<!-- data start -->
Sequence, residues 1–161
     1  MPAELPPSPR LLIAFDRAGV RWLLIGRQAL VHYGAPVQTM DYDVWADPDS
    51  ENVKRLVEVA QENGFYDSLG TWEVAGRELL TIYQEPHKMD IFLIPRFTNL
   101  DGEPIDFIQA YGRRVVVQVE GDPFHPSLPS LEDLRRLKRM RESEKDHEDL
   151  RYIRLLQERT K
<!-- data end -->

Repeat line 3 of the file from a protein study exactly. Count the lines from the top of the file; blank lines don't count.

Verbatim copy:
    51  ENVKRLVEVA QENGFYDSLG TWEVAGRELL TIYQEPHKMD IFLIPRFTNL